Credit Scores Decoded
Article and audio introduction by Samantha Kennedy, Family and Consumer Sciences
Most of us have probably heard of credit scores before, but how many of us actually know what a credit score is? And more importantly, how many of us actually know our own credit score?
Lenders use credit scores to determine whether or not a person is a good risk for things such as credit cards, mortgages, auto loans, and even insurance. In some cases, a low credit score may actually prevent a person from obtaining a loan as they would be considered too high a risk. In most cases, however, credit scores play a large role in determining a loan’s terms and interest rate.
There are two major credit-scoring agencies: FICO and VantageScore. Both use the same factors in determining a person’s credit score, but some factors are weighted differently, resulting in a slightly different score. Scores offered through apps such as Credit Karma are usually derived from VantageScore. FICO scores tend to be used by lenders to help assess creditworthiness.
Credit scores range from 300 to 850. The lower the score, the higher the risk to the lender. In other words, having a poor credit score can make it difficult for a person to obtain a loan or can result in a lender assessing a very high interest rate. Also, checking our own credit score does not lower it, though inquiries by lenders may.
There are five major factors that influence credit scores.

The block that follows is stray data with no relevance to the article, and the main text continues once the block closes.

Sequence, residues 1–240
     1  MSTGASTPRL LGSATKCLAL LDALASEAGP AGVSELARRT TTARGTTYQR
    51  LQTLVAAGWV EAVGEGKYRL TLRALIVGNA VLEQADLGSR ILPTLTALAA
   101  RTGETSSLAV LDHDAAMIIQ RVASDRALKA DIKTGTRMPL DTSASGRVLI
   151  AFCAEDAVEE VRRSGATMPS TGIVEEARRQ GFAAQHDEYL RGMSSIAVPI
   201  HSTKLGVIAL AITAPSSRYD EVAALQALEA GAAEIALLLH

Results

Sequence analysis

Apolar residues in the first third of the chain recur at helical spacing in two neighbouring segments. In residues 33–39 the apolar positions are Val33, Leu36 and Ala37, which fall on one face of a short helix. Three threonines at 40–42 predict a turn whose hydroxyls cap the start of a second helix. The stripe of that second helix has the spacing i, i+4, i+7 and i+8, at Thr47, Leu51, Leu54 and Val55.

Payment history. Thirty-five percent of a credit score is determined by a person’s repayment history. Consistently late payments on any type of debt can really damage a credit score. The more days late, the the more damage it may cause. The most important thing a person can do to improve their credit score is consistently pay bills on time.
Amount owed. Thirty percent of a credit score is determined by the amount of debt a person carries and what percentage of their available credit they are using. Ideally, a person should use less than 30% of their total available credit. The higher the percentage used, the more it negatively affects their credit score. Keep balances low on credit cards and work towards paying off debt instead of moving it from card to card.
Length of credit history. Fifteen percent of a credit score is determined by the length of a person’s credit history. This is based on the day a person’s oldest credit account was opened. If possible, avoid closing older but still active accounts, as this will reduce the total length of credit history, which can have a negative effect on total credit score.
Types of credit. Ten percent of a credit score is determined by the types of credit a person uses. Long-term debt such as mortgages and auto loans are considered “good debt” by lenders, whereas a lot of credit cards or things such as debt consolidation loans are not.
New credit. The final ten percent of a credit score is determined by the amount of new debt acquired. Again, the type of debt makes a difference. Securing a mortgage or auto loan may not have as much negative impact on total credit score as opening several new credit card accounts.
A person’s credit score determines whether or not he or she will be likely to receive a loan. A credit score of 720 or higher is ideal for getting the best rates from lenders. Credit scores can be obtained through any of the three credit reporting agencies – TransUnion, Experian, and Equifax – for a small fee. Many banks may also provide a person’s credit score for free if they have a credit account at that bank.
For more information on credit scores and related topics, please contact Samantha Kennedy, Family and Consumer Sciences agent, at 850.926.3931.
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